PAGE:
API functions that have any reasonable expectations for default values should just define those defaults, not silently default to something seemly random and completely undocumented.

Re:AMD supports openGL just fine (0)

Anonymous Coward | about 6 months ago | (#47162695)

Slavish perfectionism is the bane of developers that has killed many a project.

And yet riddle me this Batman: How is Linux kernel development run? What
percentage of the world's fundamental computer infrastructure runs on a
Debian or Theo & co. derived system?

The ability to persue slavish perfectionism without fear of going out of
business, or slavish perfectionism AS the motive instead of profit,
is what has given us the tools to literally drive modern civilization.

It makes us great.

Trying the same thing in a place where you need to turn a profit next quarter
or be out of a job, yeah, dumb mistake. But in the long run what are those
tools but ephemeral trinkets? Either go big or go open source. There is no
other long term solution.

Re:AMD supports openGL just fine (1)

Raenex (947668) | about 6 months ago | (#47162835)

It's a garbage principle that makes a mess of the ecosystem, because then you have each implementation making different decisions on just how much slop you allow, resulting in programs that work differently on different systems. It's better to have hard errors.

Re:AMD supports openGL just fine (1)

JesseMcDonald (536341) | about 6 months ago | (#47164313)

While I agree that the principle can result in a mess if misapplied, my interpretation has always been that "be liberal in what you accept" only means that you should avoid defining rigid input formats full of arbitrary rules. If there are a number of different ways to say the same thing, such that it's still clear what was meant, accept them all as equivalent. Allow independent modifiers to be written in any order; don't put artificial restrictions on which characters can be used in a name, or the specific type or amount of whitespace needed to separate symbols. That sort of thing.

This is a principle that should be applied when defining the format, not just when implementing the parser. Once you have the format defined, input which is not in compliance should trigger a warning at the minimum. It remains much better to reject ambiguous input with an error rather than silently guessing at the intent and getting it wrong.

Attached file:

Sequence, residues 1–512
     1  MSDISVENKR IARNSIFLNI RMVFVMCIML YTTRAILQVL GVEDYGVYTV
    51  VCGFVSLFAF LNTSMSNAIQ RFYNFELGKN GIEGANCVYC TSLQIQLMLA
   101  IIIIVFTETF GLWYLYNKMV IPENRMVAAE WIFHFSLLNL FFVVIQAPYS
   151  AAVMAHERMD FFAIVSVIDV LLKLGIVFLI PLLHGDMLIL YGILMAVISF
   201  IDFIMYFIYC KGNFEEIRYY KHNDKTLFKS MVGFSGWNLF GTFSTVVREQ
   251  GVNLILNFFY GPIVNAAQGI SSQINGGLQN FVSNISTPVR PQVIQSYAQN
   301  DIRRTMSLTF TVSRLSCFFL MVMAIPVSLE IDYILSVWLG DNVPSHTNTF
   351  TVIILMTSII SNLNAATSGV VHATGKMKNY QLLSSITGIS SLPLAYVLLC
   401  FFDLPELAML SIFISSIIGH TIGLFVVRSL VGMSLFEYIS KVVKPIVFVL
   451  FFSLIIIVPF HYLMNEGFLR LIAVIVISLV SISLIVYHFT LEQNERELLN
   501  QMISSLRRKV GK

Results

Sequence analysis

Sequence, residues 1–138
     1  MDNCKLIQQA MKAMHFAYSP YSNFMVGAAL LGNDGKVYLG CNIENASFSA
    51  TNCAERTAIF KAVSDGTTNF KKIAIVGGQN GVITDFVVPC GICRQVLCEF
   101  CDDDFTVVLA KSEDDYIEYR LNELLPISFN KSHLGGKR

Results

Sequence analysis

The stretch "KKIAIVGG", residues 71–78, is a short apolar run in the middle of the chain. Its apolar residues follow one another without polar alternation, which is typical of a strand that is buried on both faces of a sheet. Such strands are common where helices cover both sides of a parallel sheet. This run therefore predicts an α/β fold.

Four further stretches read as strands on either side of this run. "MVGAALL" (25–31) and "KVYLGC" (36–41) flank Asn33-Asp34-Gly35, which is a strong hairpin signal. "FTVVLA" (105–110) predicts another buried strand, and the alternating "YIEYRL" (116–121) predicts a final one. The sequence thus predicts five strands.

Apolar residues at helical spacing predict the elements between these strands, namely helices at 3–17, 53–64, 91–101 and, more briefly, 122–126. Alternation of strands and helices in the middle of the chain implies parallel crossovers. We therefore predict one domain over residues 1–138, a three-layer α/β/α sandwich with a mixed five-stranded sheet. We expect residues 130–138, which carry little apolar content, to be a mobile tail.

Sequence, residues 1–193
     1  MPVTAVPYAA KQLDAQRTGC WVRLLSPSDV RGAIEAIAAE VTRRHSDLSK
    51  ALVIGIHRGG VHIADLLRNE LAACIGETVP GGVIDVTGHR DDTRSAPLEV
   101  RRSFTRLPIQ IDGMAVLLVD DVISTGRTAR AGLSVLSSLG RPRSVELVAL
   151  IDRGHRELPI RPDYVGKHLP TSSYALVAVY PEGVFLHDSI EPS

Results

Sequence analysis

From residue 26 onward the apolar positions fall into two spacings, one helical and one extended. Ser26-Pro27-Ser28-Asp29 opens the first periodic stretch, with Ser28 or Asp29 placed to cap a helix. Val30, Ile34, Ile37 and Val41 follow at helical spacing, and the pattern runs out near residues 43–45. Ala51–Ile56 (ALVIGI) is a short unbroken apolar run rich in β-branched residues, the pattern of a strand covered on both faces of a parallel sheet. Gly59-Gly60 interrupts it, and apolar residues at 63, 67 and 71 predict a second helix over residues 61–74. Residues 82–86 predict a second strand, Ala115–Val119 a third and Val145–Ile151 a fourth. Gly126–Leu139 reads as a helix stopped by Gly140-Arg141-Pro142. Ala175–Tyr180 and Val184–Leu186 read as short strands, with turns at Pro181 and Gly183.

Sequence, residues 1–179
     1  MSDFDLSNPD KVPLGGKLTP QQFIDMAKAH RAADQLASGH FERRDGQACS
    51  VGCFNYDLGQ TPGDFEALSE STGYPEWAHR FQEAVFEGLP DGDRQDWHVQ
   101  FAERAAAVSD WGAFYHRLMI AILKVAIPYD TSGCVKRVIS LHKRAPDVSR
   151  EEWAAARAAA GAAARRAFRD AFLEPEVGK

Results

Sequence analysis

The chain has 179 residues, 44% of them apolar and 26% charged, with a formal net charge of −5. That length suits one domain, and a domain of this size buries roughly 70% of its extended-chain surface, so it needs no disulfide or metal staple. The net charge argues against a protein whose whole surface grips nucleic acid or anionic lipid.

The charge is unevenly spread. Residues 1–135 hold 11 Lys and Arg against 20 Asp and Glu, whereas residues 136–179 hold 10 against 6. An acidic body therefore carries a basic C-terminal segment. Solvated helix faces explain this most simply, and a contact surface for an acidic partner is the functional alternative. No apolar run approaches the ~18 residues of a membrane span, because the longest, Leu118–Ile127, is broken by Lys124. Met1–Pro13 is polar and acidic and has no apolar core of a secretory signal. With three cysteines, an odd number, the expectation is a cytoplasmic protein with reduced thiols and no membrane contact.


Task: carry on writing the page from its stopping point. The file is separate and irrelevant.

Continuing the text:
One area where "be liberal in what you accept" does affect the implementation is that a program should accept every valid input defined by the standard, not just the most common patterns. Accepting only a subset of the valid inputs is an easy way to introduce incompatibility.

Re:AMD supports openGL just fine (1)

Raenex (947668) | about 6 months ago | (#47164801)

While I agree that the principle can result in a mess if misapplied, my interpretation has always been that "be liberal in what you accept" only means that you should avoid defining rigid input formats full of arbitrary rules.

If you read the Wikipedia article [wikipedia.org] , you'll see that it came about as advice for implementing the TCP protocol.

Re:AMD supports openGL just fine (1)

JesseMcDonald (536341) | about 6 months ago | (#47165529)

If you read the Wikipedia article, you'll see that it came about as advice for implementing the TCP protocol.

Yes, and I did say that it can result in a mess if misapplied. The right time to consider what to accept and how to interpret it would have been when writing the TCP standard, not at the implementation stage, but we can't always have what we want. It's still a good idea to be liberal in what you accept, perhaps especially so when the standard is lacking in detail, since you never know just how the sender might interpret a particular section. You need to make your software work with all other reasonable implementations of the standard, not only those who interpret it the precise way you do. Just don't stretch it to the point of making up arbitrary data where the input is unclear.

Re:AMD supports openGL just fine (1)

Raenex (947668) | about 6 months ago | (#47167731)

Yes, and I did say that it can result in a mess if misapplied.

You can't tell me it's being misapplied when the origin applies it in exactly that manner. You misunderstood, that is all.

Re:AMD supports openGL just fine (0)

Anonymous Coward | about 6 months ago | (#47163295)

In computing, the robustness principle is a general design guideline for software:

        Be conservative in what you do, be liberal in what you accept from others (often reworded as "Be conservative in what you send, be liberal in what you accept").